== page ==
2020 Macbook Pro Screen “Washed Out” on Wake / Resume

I have no idea how to explain this one, but I’ll do my best.

Infrequently when I open the lid on my 2020 Macbook Pro, the laptop wakes up, but the screen is “washed out” / has this weird very white overlay going on.

Nothing I have done seems to resolve this.

It started almost immediately after purchasing, and subsequent OS updates haven’t solved it. I have no external monitors plugged in, or in fact, anything external at all. The one thing that may be a commonality is having the power cable plugged in.

Annoyingly, when I go to shut down / restart (which fixes it, btw), the screen comes back to normal just as I’m shutting down. How frustrating.

So a cunning fix I’ve found – that solves a crappy problem with a three grand laptop – is to open an app like iTerm, then go to shutdown.

iTerm will then prompt saying “hey, do you really want to shut down?” And this allows me to stop the shutdown process and my screen goes back to normal.

Should I need a bodge workaround for a top of the line Apple product? Apparently: yes.

I should add, btw, that this is not the only problem I have with this laptop. I also suffer from:

  • intermittent key repeat / sticking;
  • headphone jack doesn’t work on wake from sleep;
  • my fat fingers keep accidentally touching the “touch bar” when typing.

Admittedly the last one is my fault… I guess.


How I share files between Mac and Ubuntu

For a while now I’ve wanted to share files between my OSX / Macbook Pro laptop, and one (or ideally several) of my Ubuntu Linux PCs.


Because my laptop has 256gb of hard disk space, and that is consumed at an alarmingly fast rate when recording, and rendering videos.

I’ve tried, and failed, to set up file sharing on Ubuntu on numerous occasions. It is, of course, due to something (or several compounding somethings) I have been doing wrong, but I neither have the patience, nor desire to figure out exactly what.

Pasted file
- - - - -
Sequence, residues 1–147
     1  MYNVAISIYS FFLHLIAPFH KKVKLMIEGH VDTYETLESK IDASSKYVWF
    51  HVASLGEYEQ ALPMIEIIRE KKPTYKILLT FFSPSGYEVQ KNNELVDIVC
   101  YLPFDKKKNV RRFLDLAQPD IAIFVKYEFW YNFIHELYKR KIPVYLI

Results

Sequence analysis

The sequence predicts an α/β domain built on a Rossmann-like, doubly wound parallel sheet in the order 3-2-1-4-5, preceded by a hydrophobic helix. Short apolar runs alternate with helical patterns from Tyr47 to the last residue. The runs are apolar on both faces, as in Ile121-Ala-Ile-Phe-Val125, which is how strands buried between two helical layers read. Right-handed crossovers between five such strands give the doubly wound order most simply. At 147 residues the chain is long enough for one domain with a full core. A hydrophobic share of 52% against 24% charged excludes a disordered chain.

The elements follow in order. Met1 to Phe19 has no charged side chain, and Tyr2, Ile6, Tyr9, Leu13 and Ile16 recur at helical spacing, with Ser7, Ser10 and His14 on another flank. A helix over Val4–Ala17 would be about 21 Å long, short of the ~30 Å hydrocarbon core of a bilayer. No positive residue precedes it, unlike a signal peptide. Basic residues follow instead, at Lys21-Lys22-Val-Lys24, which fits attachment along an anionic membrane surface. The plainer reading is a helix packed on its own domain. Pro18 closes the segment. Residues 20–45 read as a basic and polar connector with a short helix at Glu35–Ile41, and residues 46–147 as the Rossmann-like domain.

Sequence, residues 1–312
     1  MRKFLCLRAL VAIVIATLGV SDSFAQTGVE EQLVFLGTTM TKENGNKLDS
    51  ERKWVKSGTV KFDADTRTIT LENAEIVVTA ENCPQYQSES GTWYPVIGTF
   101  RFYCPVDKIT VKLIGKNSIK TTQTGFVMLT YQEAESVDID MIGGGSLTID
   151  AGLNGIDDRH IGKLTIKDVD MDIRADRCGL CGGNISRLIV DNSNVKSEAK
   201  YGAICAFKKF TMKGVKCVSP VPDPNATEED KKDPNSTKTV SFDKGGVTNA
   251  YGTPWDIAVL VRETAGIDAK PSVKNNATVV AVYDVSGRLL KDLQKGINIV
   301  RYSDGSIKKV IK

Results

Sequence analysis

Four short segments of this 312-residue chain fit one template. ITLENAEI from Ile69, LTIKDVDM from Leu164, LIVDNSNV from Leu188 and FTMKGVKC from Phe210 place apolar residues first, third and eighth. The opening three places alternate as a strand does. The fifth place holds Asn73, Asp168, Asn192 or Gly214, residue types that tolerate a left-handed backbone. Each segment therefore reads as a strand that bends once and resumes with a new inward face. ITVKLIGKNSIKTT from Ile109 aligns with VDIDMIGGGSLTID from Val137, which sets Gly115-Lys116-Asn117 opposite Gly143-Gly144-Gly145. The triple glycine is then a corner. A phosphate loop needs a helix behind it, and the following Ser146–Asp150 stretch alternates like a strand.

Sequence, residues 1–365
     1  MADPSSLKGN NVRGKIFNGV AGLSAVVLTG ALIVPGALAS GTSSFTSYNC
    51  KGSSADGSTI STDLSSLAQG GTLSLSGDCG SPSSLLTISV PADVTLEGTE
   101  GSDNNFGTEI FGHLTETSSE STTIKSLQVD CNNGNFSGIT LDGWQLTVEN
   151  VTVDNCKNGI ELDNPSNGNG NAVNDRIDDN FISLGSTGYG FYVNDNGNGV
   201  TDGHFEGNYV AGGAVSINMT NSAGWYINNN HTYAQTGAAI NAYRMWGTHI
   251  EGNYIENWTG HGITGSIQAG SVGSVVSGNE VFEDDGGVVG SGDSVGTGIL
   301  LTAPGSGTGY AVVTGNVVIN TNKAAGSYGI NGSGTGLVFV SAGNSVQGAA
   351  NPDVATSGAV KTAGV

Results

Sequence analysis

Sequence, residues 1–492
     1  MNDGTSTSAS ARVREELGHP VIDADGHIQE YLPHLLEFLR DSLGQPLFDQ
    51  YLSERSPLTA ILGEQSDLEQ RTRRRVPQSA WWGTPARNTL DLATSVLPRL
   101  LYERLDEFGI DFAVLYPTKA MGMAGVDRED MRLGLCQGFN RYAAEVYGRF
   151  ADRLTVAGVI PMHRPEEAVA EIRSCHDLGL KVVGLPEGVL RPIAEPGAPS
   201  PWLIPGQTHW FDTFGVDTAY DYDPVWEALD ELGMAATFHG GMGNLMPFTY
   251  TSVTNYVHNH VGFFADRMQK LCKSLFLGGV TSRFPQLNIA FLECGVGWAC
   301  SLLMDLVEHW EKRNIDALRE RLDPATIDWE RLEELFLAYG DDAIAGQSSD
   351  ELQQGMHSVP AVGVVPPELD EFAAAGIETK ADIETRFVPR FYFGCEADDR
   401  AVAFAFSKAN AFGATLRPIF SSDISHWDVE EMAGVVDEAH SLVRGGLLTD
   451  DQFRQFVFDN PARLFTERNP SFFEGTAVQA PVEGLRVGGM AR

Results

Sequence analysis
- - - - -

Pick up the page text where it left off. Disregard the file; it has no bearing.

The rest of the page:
Enter Docker. Saviour of hair follicles. Provider of solutions.

File Sharing Ubuntu Style, With Docker

Let’s cut right to the chase. Here is some configuration:

# docker-compose.yml 

version: '3.4'

    image: dperson/samba
      - default
      - /tmp
    restart: unless-stopped
    stdin_open: true
    tty: true
      - 139:139
      - 445:445
      - "/path/to/my/local/folder:/mnt/share1:rw"
      - "/another/local/directory:/share2:rw"
      - "/home/chris/you/get/the/idea:/mnt/share3:rw"
    command: '-w workgroup -u "chris;chris" -s "share1;/mnt/share1;no;no;no;chris;chris" -s "share2;/mnt/share2;no;no;no;chris;chris" -s "share3;/mnt/share3;no;no;no;chris;chris"'


Essentially to make this work you need Docker, and Docker Compose installed on the PC (Ubuntu in my case) that you want to share data from.

There are some changes you will need to make.

Make sure each of the volumes match the path to a real directory on your computer.

The part before the colon is on your local PC.

The part after the colon is where that directory will be available inside the resulting running Docker container.

Customise the username and password appropriately.

You can find out what all the no;no;no bits mean in the documentation.

Then put the code from above into a file called docker-compose.yml somewhere on your computer. Once saved off to a file, run docker-compose up (or docker-compose up -d to run in the background) and away you go.

Your Ubuntu File Server For Mac

Once you have your shiny new Ubuntu Samba File Server up and running, how do you connect to it from your Mac? 

Pop in the IP address, or (perhaps more nicely) the name of your Ubuntu PC. 

The share name corresponds with whatever you called the share in the command section of your docker-compose.yml file.

Once you type in the full path to your share, click Connect.

After a second or two you should see a prompt. Enter the credentials to the share you created in your docker-compose.yml file.

Bonza. You are now connected. 

At this point you should have read / write access to the share. This is what I wanted, and allows me to copy all my video files over to the network drive, rather than store them on my over priced, under provisioned hard disk.